Looking for a home UPS that is smart

adder

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You can see the back up chart from the flin model, that I posted (600w load is the closest reference for 500w load). I have had this debate inside my mind about the efficiency and the fact was that since the battery will be charged via solar only, it's irrelevant. You will only use the battery from evening till early morning and at night you would have discharged the battery until your predetermined SOC, the inverter would then switch to Mains bypass and power the load, you can either allow the AC to charge the battery or use solar only or combination of both to charge them. In Mains/bypass mode it consumes very little power. In day time it's going to powered by solar, so it doesn't really matter. Typically these inverters consume about 50w idle, my apc smart ups If I recollect correctly consumes around DC 1.6amps at 24v battery config, with zero load in battery mode and it consumes even more when it's in float charge with zero load.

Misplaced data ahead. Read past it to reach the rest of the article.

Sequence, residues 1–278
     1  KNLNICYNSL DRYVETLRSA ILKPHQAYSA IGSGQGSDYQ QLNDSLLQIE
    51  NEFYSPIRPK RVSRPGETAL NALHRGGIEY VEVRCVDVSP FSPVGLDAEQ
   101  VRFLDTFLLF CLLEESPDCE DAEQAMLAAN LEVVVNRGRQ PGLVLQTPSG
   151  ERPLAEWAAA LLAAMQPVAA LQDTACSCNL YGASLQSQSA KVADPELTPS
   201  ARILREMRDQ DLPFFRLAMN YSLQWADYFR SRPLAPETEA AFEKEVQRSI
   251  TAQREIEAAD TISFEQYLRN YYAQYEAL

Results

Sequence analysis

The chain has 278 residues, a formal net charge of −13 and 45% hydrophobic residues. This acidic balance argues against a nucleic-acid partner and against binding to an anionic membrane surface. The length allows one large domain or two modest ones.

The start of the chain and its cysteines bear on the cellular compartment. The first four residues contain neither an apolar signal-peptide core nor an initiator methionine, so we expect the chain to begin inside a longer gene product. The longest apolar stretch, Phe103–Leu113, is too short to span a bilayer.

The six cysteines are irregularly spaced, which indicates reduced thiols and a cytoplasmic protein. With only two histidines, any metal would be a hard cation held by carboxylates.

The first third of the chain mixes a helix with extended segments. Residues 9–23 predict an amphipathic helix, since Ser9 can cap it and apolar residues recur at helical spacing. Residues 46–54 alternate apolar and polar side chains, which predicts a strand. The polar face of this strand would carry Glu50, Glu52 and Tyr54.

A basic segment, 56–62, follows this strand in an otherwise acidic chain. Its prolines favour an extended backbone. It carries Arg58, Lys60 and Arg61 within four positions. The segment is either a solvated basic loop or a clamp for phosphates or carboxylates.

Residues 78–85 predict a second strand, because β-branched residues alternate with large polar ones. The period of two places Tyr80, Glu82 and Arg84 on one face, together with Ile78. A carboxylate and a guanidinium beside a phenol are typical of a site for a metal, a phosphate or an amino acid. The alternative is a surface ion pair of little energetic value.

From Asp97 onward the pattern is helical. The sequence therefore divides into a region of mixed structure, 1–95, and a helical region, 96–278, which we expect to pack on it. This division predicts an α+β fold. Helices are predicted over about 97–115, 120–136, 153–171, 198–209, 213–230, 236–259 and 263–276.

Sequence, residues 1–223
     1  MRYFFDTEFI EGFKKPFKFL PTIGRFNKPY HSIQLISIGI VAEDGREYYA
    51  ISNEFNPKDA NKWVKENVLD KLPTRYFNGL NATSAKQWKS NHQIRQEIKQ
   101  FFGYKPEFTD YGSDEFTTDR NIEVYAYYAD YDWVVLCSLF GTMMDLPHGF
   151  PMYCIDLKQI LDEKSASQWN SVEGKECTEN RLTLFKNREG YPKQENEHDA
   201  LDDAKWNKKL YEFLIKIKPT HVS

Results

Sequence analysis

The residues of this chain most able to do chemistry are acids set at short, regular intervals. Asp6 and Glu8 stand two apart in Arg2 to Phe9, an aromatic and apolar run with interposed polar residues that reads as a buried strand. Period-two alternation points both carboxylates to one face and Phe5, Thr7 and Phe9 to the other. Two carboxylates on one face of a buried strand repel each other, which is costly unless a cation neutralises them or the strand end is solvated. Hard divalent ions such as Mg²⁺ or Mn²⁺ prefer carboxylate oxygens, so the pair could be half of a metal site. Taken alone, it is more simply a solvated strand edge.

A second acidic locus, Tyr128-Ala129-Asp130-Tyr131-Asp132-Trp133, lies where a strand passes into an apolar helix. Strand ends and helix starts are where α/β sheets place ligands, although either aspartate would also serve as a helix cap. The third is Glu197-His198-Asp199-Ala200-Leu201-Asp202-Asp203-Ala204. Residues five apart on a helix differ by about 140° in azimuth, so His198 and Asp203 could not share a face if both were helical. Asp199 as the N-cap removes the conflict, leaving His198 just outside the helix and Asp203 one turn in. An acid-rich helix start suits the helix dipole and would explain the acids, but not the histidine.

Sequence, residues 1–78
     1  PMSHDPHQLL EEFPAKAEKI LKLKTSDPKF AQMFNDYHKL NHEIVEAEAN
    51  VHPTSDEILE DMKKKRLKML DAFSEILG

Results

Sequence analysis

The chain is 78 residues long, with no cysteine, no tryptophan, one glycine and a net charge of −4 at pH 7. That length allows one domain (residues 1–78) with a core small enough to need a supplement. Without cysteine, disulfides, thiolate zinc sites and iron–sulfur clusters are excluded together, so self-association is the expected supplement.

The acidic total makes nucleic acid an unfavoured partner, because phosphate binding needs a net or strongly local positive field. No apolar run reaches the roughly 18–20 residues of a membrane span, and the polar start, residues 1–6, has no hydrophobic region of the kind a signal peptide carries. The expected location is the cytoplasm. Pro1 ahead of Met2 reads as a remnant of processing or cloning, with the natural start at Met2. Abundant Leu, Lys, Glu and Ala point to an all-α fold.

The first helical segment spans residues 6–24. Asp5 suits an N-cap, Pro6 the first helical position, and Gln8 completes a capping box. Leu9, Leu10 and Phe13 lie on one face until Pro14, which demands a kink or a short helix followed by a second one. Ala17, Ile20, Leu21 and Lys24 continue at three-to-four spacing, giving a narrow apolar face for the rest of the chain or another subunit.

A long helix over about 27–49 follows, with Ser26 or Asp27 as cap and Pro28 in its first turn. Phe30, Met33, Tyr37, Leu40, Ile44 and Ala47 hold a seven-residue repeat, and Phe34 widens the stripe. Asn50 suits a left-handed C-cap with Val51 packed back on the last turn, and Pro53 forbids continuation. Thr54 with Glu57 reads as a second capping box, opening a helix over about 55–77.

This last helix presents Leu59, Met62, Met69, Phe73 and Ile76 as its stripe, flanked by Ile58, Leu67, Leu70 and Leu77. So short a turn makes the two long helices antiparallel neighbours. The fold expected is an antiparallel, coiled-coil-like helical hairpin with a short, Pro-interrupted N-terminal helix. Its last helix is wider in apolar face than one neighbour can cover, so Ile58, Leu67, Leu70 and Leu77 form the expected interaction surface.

A lead acid battery takes a total charge as much as 150% of its AH capacity to charge it to full. So when it's charged via solar it's free but when it's charged via Ac then it will cost more each time there is a power cut and you use the battery.

And that article is from 2006 and efficiency would have improved.

Also if you go for a inverter with 500w rating, then it will mostly work on a single 12v battery, as you know more batteries in series= better efficiency.

Having a high powered inverter means you can power up loads that have a high inrush current, like your water tank motor pump or even a regular 1 ton split ac. Not to mention that once you have solar, you may power On the Ac more often during day time, so extra power available will always help.
 
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Julian

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Not just off-grid, I also like the tiny house (minimalist living) concept.